after they have gone home changed by what they saw in his eyes,

what then? For their day, and for ours?


Isaiah’s prophetic persistent answer, to people living many centuries before Jesus, to people living many centuries after Jesus:

Arise, shine, your light has come.


Okay. But still, in our day as in Isaiah’s, darkness covers the earth,

and the people sit under thick clouds.

Under thick clouds, in the dark, how do we shine? What is the ask? What is our task?


For help, let us devote ourselves anew to the example of a master.


In a little town called Nazareth, Jesus grows up,

from child to carpenter to rabbi.

Leaving home, he starts his public ministry of cloud removal,

of teaching and healing and giving sight to the blind,

which as we know stirs up darkness and gets him killed.

And yet he keeps insisting:

Watch me. Follow me. Cultivate my way of being in the world.

For one thing, don’t you be puttin’ that radiance under a bushel basket!

It may feel safer that way. It’s not.


The wise ones knew Jesus for who he was,

and by their strange gifts they pointed to his mission:


Gold for a king.

Incense for a priest.

Myrrh to anoint the dead.


The season of “after the Epiphany” gives us several weeks

to think about that.

To think about what it takes for Jesus

and us

should we choose to follow him

to grow up into his gracious mindset

to take on his gift of committed citizenship

in the Kingdom of God.

The Kingdom of God:

Gold for royal sons and daughters.

Incense for priesthood.

Myrrh for stewards each

of one precious life

to pour out in gratitude and service.

Myrrh, yes. We’re going to die.

On the other hand, as the psalmist says:

I end—but I am still with You.


Strange gifts. Daunting even.

Yet ours to embrace if we will.


And I hope we will,

whatever the cost in growing pains and boundary crossings.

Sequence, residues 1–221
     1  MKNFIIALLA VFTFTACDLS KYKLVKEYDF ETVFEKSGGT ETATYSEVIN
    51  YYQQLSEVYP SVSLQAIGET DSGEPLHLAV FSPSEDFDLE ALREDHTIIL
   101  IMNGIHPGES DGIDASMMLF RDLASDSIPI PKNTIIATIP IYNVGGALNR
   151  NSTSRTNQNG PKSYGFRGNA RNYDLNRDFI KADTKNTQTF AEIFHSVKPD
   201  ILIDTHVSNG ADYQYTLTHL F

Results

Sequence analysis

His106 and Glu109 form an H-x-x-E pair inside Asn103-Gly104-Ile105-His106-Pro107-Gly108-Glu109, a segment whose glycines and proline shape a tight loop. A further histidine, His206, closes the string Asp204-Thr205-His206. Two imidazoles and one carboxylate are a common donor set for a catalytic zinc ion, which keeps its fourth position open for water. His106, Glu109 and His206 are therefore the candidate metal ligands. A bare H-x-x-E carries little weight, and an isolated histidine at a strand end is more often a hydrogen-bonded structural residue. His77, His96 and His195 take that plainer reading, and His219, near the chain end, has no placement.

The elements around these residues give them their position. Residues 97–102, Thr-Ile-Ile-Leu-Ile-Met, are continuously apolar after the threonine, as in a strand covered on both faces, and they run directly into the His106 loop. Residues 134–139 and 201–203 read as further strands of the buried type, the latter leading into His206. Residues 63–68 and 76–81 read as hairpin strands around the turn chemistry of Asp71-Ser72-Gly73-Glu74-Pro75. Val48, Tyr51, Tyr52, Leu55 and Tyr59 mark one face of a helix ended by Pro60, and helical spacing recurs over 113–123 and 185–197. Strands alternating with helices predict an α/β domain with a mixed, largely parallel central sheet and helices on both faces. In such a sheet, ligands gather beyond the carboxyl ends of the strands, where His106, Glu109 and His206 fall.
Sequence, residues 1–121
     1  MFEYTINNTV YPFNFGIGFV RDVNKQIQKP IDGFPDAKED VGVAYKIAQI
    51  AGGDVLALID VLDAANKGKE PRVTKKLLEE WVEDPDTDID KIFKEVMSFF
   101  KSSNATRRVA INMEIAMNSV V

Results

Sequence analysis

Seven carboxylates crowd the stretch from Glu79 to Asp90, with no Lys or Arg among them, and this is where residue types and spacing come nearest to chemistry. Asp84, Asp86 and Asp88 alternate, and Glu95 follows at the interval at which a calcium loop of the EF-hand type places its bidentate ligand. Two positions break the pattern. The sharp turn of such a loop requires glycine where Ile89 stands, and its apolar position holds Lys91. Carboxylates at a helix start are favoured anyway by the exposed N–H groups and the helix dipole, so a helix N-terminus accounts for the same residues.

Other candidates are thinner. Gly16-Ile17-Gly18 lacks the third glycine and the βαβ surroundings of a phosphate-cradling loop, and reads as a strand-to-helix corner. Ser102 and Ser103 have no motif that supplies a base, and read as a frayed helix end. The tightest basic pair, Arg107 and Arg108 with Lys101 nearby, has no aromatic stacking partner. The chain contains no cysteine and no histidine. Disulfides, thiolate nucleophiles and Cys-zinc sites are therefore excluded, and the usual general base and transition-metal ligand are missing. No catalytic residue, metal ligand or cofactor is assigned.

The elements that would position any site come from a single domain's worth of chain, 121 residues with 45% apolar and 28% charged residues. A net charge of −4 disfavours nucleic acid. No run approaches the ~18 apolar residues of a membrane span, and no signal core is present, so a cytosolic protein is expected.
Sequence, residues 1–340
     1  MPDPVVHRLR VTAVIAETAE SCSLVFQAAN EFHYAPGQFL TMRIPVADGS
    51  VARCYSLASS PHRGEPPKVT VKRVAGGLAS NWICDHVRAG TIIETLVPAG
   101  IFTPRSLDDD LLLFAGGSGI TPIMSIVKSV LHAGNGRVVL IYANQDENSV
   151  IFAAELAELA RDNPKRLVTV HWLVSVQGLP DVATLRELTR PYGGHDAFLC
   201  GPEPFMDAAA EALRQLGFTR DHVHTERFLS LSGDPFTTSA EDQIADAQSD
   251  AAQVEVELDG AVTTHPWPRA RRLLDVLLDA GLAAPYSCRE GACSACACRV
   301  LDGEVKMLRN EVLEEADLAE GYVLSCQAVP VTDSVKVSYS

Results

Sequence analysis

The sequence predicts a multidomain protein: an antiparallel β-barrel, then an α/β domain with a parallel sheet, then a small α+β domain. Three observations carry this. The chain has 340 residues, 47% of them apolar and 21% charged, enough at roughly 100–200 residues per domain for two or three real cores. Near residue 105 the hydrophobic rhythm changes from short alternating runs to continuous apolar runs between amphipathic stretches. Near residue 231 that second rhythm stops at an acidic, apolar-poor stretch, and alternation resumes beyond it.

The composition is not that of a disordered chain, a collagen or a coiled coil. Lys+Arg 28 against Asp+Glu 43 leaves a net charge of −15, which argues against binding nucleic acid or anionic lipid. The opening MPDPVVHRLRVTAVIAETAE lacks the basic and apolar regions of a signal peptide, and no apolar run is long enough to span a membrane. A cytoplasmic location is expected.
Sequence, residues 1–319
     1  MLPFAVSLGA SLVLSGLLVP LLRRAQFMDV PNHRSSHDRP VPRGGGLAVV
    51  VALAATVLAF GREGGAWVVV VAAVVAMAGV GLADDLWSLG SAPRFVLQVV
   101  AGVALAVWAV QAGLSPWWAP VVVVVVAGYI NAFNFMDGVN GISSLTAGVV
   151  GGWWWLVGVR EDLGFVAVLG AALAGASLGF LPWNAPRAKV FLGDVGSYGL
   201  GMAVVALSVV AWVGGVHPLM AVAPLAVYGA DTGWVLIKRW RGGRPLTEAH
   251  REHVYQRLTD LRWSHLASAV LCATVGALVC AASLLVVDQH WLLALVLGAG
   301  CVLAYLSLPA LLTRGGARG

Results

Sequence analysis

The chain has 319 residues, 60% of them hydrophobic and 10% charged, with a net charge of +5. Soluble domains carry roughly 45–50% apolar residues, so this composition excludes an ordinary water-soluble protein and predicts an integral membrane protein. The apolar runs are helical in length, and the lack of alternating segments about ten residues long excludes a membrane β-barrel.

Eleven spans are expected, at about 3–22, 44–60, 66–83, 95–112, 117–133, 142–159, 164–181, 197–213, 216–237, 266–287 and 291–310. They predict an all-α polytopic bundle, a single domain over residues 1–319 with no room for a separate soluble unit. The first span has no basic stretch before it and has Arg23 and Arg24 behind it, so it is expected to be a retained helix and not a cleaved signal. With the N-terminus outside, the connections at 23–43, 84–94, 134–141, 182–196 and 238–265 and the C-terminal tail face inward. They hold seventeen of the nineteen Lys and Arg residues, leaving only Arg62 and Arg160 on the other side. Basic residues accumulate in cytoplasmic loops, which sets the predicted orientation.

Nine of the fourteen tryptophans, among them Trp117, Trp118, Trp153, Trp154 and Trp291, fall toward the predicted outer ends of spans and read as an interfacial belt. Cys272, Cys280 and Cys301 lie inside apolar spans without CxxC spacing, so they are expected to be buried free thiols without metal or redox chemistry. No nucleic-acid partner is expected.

For in truth, the cost of inertia, the cost of indifference and despair,

is greater.

Do we grow weary,

do we grow old in serving our particular corner of creation?

Of course.

Here’s something that might help you. It has to do with color.


In the spirit of teaching the Good News through the eye as well as the word:


The color assigned to “after the Epiphany” is green, the color of life. The color of growing things.

The color, we might say,

of Jesus growing from a babe to the fullness of a young man.

And so for us.


Green. The color of life.

As I move into the role of grandmother and tribal elder,

here’s a verse that gives me comfort:


Psalm 92:14 They will still yield fruit in old age;

they shall be full of sap and very green.


Full of sap, and very green. Amen?


As we all know, for green to happen, there must be light.


And so, for us, in the bleak midwinter, let there be light.


And there is light.


And what we learn in the season after Epiphany is

that the light keeps coming into the world.

Always and each new day.

And we followers of Christ must put on the mindset of Christ

and make like the leaves on the trees.

Which is to say, soak up the light.


Why? For our own sustaining and warming and hope, yes.

Also that we may be a light.

A calm, collected, disciplined, focused, persistent light to the world.

A breathing, a transpiration, an energy, a feeding, a nurturing, a repairing…

‘A song, a chime, a chant sublime, of peace on earth, goodwill to men…’

Beginning with ourselves, then outward to our circles of care.


Arise, shine, for your light has dawned.

The presence of the Lord has shone upon you!

Behold! Darkness shall cover the earth,

And thick clouds the peoples;

But upon you the Lord will shine,


Notice the darkness is not banished.

It still covers the earth.


Name your darkness. Tell me yours, I’ll tell you mine:


The darkness of disappointment.


The darkness of things I did, or did not do.


The darkness of unexpected calamity.


The darkness of diminishment and frailty and disease.


The darkness of pain, division, anger, and fear.


The darkness of generation after generation of the powerful

exercising coercion,

all in the name of certainty and quick resolution,

which sometimes seem to us so much easier

than the hard work of community and reconciliation.


The darkness of ignorance:

They say that for all the information available today,

in truth we have forgotten how to think. We have embraced technology but forgotten who we are and what we owe the common good.

We have grown ‘smupid,’ that is, smart but stupid.


So. So it is for us.

So it was in post-exile Israel, when Isaiah lived.

Name your darkness now, they shared it then.

Don’t forget that post-exile Israel had returned from captivity

to a shadow of their former glory,

that they were beset on every side,

that they were poorly resourced to make Judea great again,

that they couldn’t even agree what great again means.

This felt really bad.

They were tempted to indifference, anger, despair…